"GRASansP" is a MatlabTM script application designed for the graphical inspection, analysis and reduction of multi-detector data produced by the Small-Angle Neutron Scattering (SANS) instruments of the Institut Laue-Langevin (ILL). GRASansP deals with many of the diverse requirements for analysis and reduction of SANS data using a general set of tools and reduction algorithms. Data from the two ILL SANS instruments, D11 and D22, as well as SANS instruments at some other neutron sources, are currently catered for in the GRASansP package. In principle the architecture and coding of GRASansP combined with the matrix handling abilities, graphics and other advantages of the Matlab™ environment should allow continued development of this software and be able to provide more general aspects of multi-detector and complex data set handling. The drive for producing such a suite of software came from the overwhelming need for a modern, complete and general-purpose package to deal with typical procedures required for analysis of two-dimensional SANS multidetector data. By it’s very nature, two-dimensional data is often best appreciated in a graphical form. The birth of GRASansP came from the need for graphical inspection and ability to be able to quickly process and extract the scattered intensity, I(q), as a function of position on the multidetector (qx,qy) or as a function of sample environment conditions from a series of many measurement runs (e.g. temperature sweep, rocking curve etc.). This, combined with an interest in scientific software development and the abilities of the Matlab™ environment have brought GRASansP into it’s present state.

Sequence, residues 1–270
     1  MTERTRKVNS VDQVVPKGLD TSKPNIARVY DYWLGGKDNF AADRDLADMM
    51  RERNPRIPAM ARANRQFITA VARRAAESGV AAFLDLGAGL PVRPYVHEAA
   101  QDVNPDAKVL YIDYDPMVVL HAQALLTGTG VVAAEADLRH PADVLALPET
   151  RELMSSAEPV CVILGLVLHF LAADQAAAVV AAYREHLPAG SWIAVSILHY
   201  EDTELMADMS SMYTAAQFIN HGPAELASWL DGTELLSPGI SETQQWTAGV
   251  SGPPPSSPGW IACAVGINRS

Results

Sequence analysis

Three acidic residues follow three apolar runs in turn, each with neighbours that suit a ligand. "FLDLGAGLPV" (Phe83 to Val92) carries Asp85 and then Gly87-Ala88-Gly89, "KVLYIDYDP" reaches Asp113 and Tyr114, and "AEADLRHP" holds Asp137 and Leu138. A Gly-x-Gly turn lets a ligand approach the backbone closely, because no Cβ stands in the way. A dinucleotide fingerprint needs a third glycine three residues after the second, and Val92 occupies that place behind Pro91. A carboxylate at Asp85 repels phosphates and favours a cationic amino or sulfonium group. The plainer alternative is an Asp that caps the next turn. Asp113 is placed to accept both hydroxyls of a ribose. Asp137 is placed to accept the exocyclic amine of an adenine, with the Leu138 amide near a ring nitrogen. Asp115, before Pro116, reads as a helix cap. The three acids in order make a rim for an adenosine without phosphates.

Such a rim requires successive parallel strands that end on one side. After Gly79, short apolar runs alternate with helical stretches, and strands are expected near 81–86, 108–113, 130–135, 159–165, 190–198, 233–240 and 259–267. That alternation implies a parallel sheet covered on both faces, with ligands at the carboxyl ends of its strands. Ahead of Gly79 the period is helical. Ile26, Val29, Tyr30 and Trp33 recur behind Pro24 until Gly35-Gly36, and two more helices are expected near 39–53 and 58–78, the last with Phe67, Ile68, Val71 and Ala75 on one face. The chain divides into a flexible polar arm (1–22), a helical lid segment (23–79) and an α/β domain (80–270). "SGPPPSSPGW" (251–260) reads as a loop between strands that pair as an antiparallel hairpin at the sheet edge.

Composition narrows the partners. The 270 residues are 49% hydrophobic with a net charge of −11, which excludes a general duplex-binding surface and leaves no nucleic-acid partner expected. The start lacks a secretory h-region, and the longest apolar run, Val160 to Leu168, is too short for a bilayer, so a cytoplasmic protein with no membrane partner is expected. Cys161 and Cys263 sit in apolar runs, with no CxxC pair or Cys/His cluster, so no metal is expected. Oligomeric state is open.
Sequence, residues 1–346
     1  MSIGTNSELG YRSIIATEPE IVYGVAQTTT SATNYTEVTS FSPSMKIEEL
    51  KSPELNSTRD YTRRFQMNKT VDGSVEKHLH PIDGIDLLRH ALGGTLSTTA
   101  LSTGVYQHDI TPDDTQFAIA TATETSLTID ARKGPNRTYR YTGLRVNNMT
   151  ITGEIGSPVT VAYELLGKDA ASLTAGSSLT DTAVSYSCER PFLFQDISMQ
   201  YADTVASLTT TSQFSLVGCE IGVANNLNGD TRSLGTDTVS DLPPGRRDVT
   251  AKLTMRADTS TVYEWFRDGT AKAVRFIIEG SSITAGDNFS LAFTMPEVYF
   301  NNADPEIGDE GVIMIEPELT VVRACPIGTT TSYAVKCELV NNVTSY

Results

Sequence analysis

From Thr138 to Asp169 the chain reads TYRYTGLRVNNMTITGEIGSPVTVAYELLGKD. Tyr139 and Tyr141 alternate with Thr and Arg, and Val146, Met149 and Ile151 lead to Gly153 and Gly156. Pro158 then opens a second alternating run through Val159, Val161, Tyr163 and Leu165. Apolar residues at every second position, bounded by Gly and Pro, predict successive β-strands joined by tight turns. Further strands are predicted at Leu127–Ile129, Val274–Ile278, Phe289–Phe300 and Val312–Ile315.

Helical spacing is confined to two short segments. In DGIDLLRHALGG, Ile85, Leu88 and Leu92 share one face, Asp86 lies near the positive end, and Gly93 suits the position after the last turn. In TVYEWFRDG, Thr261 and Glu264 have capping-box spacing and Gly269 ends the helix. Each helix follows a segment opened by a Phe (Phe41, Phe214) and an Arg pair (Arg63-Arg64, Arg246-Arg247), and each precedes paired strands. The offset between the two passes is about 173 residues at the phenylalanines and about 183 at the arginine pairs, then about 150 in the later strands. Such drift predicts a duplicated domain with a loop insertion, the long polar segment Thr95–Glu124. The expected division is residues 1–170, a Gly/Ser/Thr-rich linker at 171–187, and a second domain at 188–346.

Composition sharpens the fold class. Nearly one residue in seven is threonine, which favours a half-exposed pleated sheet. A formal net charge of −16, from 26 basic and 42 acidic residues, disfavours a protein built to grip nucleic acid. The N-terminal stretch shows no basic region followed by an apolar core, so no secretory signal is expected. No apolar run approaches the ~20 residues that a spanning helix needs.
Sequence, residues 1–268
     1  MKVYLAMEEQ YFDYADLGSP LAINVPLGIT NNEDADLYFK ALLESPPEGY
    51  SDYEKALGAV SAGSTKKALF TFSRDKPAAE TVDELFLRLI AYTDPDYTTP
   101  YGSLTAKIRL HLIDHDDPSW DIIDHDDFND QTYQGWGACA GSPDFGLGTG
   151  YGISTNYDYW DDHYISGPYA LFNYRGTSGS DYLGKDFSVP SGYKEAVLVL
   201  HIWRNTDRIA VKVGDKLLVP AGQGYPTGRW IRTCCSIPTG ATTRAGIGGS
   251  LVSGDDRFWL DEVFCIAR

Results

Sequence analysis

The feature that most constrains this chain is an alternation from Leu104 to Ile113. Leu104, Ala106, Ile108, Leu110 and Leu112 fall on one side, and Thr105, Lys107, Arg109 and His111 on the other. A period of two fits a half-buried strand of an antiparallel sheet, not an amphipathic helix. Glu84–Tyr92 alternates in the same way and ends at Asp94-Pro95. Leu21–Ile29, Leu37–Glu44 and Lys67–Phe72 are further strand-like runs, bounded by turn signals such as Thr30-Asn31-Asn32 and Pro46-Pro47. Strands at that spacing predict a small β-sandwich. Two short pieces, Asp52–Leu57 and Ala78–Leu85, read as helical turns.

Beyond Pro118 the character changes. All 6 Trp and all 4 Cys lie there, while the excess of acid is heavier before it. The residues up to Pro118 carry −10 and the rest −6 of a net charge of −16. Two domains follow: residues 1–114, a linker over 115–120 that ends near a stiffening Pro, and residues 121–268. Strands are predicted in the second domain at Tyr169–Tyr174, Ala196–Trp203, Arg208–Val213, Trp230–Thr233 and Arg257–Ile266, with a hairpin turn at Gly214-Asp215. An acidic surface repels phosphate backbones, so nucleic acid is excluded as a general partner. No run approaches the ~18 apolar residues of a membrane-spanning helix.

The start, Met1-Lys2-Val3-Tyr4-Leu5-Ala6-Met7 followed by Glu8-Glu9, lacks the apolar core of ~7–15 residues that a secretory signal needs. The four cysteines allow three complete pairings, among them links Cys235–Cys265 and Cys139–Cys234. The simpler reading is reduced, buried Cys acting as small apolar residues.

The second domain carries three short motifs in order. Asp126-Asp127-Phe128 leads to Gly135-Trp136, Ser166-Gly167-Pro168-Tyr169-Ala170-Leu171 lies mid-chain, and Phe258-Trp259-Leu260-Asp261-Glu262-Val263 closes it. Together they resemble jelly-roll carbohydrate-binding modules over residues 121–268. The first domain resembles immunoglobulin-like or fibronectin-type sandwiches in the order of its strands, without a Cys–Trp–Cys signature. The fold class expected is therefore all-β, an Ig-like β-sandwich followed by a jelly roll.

GROMACS (GROningen MAchine for Chemical Simulations) is a molecular dynamics and energy minimization package mainly designed to simulate the Newtonian equations of motion for systems with hundreds to millions of particles, typically of proteins, lipids and nucleic acids. GROMACS can run on CPUs and GPUs.